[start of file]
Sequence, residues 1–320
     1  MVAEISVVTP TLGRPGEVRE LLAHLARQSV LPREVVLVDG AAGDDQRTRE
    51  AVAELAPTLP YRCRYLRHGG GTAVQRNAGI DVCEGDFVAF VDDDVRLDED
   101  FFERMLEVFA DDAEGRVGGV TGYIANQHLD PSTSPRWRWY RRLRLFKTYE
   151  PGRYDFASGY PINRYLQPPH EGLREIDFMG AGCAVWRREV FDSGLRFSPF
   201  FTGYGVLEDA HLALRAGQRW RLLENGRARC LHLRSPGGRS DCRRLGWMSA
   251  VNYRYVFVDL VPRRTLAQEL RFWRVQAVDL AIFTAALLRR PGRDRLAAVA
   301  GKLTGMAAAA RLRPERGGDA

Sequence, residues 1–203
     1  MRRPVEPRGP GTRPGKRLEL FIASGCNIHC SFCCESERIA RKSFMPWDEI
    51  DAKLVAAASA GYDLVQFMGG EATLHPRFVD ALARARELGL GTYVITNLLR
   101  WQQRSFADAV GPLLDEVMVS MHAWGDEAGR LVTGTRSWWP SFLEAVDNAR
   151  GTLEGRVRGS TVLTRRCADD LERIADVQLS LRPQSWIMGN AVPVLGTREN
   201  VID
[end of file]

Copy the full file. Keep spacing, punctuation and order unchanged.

Sequence, residues 1–320
     1  MVAEISVVTP TLGRPGEVRE LLAHLARQSV LPREVVLVDG AAGDDQRTRE
    51  AVAELAPTLP YRCRYLRHGG GTAVQRNAGI DVCEGDFVAF VDDDVRLDED
   101  FFERMLEVFA DDAEGRVGGV TGYIANQHLD PSTSPRWRWY RRLRLFKTYE
   151  PGRYDFASGY PINRYLQPPH EGLREIDFMG AGCAVWRREV FDSGLRFSPF
   201  FTGYGVLEDA HLALRAGQRW RLLENGRARC LHLRSPGGRS DCRRLGWMSA
   251  VNYRYVFVDL VPRRTLAQEL RFWRVQAVDL AIFTAALLRR PGRDRLAAVA
   301  GKLTGMAAAA RLRPERGGDA

Sequence, residues 1–203
     1  MRRPVEPRGP GTRPGKRLEL FIASGCNIHC SFCCESERIA RKSFMPWDEI
    51  DAKLVAAASA GYDLVQFMGG EATLHPRFVD ALARARELGL GTYVITNLLR
   101  WQQRSFADAV GPLLDEVMVS MHAWGDEAGR LVTGTRSWWP SFLEAVDNAR
   151  GTLEGRVRGS TVLTRRCADD LERIADVQLS LRPQSWIMGN AVPVLGTREN
   201  VID